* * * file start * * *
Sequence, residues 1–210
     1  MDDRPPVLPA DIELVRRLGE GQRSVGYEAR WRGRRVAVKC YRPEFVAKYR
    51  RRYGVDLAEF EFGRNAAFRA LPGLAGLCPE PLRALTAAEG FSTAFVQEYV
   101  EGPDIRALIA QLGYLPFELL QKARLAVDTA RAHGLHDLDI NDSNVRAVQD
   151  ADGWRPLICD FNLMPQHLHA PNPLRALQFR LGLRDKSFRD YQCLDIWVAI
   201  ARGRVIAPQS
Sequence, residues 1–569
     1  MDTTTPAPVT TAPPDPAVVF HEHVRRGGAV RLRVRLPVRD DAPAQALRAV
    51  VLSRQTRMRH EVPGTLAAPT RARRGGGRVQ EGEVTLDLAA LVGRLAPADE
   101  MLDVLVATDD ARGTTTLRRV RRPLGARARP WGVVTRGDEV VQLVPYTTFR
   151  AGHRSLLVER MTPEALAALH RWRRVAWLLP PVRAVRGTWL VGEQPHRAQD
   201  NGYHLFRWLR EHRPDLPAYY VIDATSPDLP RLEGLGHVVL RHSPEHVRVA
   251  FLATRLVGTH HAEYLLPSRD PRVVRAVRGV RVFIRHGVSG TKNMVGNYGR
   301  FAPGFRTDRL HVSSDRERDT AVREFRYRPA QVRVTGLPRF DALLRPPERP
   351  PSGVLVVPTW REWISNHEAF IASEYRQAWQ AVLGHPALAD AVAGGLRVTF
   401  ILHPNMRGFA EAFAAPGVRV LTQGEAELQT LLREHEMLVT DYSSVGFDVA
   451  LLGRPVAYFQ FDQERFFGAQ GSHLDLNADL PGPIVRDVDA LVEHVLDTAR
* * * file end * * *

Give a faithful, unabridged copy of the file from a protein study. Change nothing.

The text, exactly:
Sequence, residues 1–210
     1  MDDRPPVLPA DIELVRRLGE GQRSVGYEAR WRGRRVAVKC YRPEFVAKYR
    51  RRYGVDLAEF EFGRNAAFRA LPGLAGLCPE PLRALTAAEG FSTAFVQEYV
   101  EGPDIRALIA QLGYLPFELL QKARLAVDTA RAHGLHDLDI NDSNVRAVQD
   151  ADGWRPLICD FNLMPQHLHA PNPLRALQFR LGLRDKSFRD YQCLDIWVAI
   201  ARGRVIAPQS
Sequence, residues 1–569
     1  MDTTTPAPVT TAPPDPAVVF HEHVRRGGAV RLRVRLPVRD DAPAQALRAV
    51  VLSRQTRMRH EVPGTLAAPT RARRGGGRVQ EGEVTLDLAA LVGRLAPADE
   101  MLDVLVATDD ARGTTTLRRV RRPLGARARP WGVVTRGDEV VQLVPYTTFR
   151  AGHRSLLVER MTPEALAALH RWRRVAWLLP PVRAVRGTWL VGEQPHRAQD
   201  NGYHLFRWLR EHRPDLPAYY VIDATSPDLP RLEGLGHVVL RHSPEHVRVA
   251  FLATRLVGTH HAEYLLPSRD PRVVRAVRGV RVFIRHGVSG TKNMVGNYGR
   301  FAPGFRTDRL HVSSDRERDT AVREFRYRPA QVRVTGLPRF DALLRPPERP
   351  PSGVLVVPTW REWISNHEAF IASEYRQAWQ AVLGHPALAD AVAGGLRVTF
   401  ILHPNMRGFA EAFAAPGVRV LTQGEAELQT LLREHEMLVT DYSSVGFDVA
   451  LLGRPVAYFQ FDQERFFGAQ GSHLDLNADL PGPIVRDVDA LVEHVLDTAR